• Conditioned place preference;
  • contextual conditioning;
  • d-amphetamine;
  • humans;
  • sensitization;
  • subjective effects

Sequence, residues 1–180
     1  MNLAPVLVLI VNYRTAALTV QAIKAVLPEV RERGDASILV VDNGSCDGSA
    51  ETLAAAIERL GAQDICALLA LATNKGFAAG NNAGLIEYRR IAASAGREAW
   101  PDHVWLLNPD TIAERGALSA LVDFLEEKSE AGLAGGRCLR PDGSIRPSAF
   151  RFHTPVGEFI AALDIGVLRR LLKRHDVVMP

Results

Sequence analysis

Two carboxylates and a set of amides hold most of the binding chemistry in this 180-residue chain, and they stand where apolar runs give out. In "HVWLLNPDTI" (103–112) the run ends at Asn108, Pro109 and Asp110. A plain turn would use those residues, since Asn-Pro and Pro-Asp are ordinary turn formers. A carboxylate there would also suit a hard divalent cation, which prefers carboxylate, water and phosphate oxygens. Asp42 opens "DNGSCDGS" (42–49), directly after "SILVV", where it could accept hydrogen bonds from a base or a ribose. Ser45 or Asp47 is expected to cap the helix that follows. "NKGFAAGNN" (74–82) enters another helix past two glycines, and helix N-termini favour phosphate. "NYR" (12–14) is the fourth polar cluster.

Learned associations between drugs and the places they are used are critical to the development of drug addiction. Contextual conditioning has long been studied in animals as an indirect measure of drug reward, but little is known about the process in humans. Here, we investigated de novo contextual conditioning with d-amphetamine in healthy humans (n = 34). Volunteers underwent four conditioning sessions conducted in two testing rooms with double-blind, alternating d-amphetamine (20 mg) and placebo administration. Before conditioning procedures began, they rated the two rooms to examine pre-existing preferences. One group (Paired, n = 19) always received d-amphetamine in their least preferred room and placebo in the other during conditioning sessions. Another group (Unpaired, n = 15) received d-amphetamine and placebo in both rooms. Subjective drug effects were monitored at repeated times. At a separate re-exposure test, preference ratings for the drug-associated room were increased among the Paired group only, and more subjects in the Paired than the Unpaired group switched their preference to their initially least preferred room. Also, ratings of d-amphetamine drug liking independently predicted room liking at test among the Paired group only. Further, Paired group subjects reported greater stimulation and drug craving after d-amphetamine on the second administration, relative to the first. This study supports preliminary findings that humans, like animals, develop a preference for a place associated with d-amphetamine that is related to its subjective effects. These findings also suggest that experiencing d-amphetamine in a consistent environment produces context-dependent changes in its subjective effects, including an enhanced rewarding efficacy and abuse potential.